Considering writing blogs as a side hustle to make money? Check out these 7 steps to show you how!
Many people know that I got my business started as a side hustle. I was working full time and working to get my business going when I was off. Eventually, I was able to make my side hustle my full time job. Because of that, I regularly have people ask me about making side hustles their reality.
This article is the second in a series of articles about side hustles.
I’d like to start with a few warnings.
I don’t believe in the easy way in or out of anything. Hard work has never been a problem for me.
I don’t think everyone can do everything well. Skills, knowledge, and talent are different, and while I agree that almost anyone can learn something, I don’t think everyone should do it or will do it well.
This specific article is about blogging online as a side hustle, which takes time and dedication to be successful.
Blogging is a great way for individuals to share their thoughts with the world, but it can also be the perfect tool for business owners and organization leaders to share value with their clients and lead them to sales.
Blogs can be on a website, trade sites, social media platforms, and a variety of other places. But if you’re looking to make blogging a side hustle, you have to know where to start.
You likely have talents and skills in specific areas. As an educator, I started with educational blogs, but I started tapping into the things I also love. Traveling, storytelling, parenting. There are blogs for all of those things.
Protip: Make a list of potential topics, titles, ideas to write.
It may sound odd to start writing when you don’t have a job yet, but people who hire you will want to see writing samples. Use that list from step 1 to start writing. You can also check out what questions people are asking in your area of interest and start writing blogs to answer those questions or to share experiences with them.
Protip: Keep track of your process and your drafts to showcase.
You can use those writing samples and the drafts to put together a portfolio of your work. Be sure to include any starting references (those questions, where you got your idea, etc.) and put them together in a portfolio. It doesn’t need to be fancy. A portfolio website or a Google Drive would suffice. Keep it organized!.
Protip: Take a few of those writings and change the purpose and audience to show variety.
You have to make some decisions. How much will you sell your articles for? How will you accept payment? Are you willing to ghostwrite instead of publishing under your name? Will you sign an NDA? What does your process look like from start to finish? If they commission a piece from you, what does that process look like for you? What tools do you need?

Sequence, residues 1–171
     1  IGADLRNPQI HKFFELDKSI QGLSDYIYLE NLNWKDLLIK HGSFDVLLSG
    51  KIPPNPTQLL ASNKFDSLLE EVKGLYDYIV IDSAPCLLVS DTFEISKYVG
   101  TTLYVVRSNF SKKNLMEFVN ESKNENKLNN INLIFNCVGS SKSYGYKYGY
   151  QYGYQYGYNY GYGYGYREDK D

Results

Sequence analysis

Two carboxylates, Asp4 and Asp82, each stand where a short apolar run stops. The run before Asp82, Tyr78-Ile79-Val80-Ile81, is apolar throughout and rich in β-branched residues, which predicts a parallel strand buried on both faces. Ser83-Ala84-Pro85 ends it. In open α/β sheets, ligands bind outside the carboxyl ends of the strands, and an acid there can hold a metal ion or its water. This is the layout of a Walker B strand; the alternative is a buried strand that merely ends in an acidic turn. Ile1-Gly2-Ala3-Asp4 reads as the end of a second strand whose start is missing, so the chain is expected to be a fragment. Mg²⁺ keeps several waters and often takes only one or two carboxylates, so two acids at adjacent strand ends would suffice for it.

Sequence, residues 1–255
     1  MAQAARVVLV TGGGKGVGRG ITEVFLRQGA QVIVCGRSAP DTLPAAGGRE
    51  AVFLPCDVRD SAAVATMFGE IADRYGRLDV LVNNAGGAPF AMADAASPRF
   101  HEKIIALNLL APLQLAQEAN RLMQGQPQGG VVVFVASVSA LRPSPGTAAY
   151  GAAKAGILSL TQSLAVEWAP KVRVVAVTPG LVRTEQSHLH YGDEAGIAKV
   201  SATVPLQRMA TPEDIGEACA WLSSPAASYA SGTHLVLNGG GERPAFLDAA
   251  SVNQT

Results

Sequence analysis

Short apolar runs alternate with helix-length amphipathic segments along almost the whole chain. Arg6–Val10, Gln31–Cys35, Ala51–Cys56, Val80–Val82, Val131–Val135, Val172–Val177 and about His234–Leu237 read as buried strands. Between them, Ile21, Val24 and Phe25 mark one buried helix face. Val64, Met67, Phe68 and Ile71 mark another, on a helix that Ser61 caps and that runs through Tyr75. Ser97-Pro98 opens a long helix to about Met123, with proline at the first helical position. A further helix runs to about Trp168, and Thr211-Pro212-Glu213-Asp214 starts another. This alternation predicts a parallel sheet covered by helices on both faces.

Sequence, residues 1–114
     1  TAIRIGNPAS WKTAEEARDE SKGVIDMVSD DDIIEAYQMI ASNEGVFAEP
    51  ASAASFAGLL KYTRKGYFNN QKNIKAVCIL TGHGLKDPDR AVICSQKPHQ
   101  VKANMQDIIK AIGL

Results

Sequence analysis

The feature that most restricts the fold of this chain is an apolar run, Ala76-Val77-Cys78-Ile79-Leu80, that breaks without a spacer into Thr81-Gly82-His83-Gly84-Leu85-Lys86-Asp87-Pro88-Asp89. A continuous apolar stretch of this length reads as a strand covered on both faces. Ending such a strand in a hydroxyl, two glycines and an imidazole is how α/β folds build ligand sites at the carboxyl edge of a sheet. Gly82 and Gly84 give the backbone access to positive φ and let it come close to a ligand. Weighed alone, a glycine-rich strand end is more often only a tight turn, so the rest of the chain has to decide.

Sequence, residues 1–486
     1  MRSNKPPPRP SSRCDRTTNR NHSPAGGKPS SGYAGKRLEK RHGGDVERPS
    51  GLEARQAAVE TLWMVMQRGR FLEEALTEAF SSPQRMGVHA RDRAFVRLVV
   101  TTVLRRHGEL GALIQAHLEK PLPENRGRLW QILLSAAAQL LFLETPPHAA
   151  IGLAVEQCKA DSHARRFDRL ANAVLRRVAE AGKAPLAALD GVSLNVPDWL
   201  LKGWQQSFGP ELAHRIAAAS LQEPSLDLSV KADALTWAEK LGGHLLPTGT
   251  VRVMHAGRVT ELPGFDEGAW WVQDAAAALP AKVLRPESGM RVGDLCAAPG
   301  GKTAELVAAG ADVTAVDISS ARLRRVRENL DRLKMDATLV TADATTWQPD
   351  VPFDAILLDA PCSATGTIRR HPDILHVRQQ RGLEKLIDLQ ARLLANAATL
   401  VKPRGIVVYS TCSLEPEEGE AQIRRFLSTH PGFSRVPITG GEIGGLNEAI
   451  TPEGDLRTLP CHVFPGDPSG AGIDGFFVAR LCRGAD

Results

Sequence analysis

Proip: Create a contract for the sale of your piece.
Next, you can find businesses and organizations who have blogs (0r need one) within your topic area. If you love to write about fishing, check out Bass Pro Shop or Cabela. If you love to write about 6th grade science, check out influencers or websites that are the go-to place for people interested in 6th grade science. Try to find people who align with your values to make the process sit better in your soul.
Protip: Go back to those questions in step 2 to find an audience.
This step takes a bit of research and planning. You don’t want to reach out to the CEO of Bass Pro, but you might want to reach out to someone in their marketing department. Find the right person to reach out to, and send them an email, telling them your experience in the area that you’ve written about. From there, you can either give them a few title samples or ask them if they’re entertaining freelance writers. Some writers hesitate to put title ideas out there to avoid those ideas being stolen, but putting those titles out there also helps omit them from asking for ideas.
Protip: Create an email template to send and a spreadsheet to track your progress.
So many people forget to follow up. Whether you sell the blog or don’t even get a response, you should still follow up on your leads from steps 5 & 6. If you sell the blog, you might provide other titles or monitor the progress of the original blog to see if you can write for them again. If you didn’t get a response, you might follow up with that initial person and reach out to another logical person in the organization.
Protip: I like to copy another person in the organization on the email to increase the sense of obligation to respond.
It may take a while to get paid blogging, but if you’re good at it and keep working at it, you could easily see your side hustle start paying bills.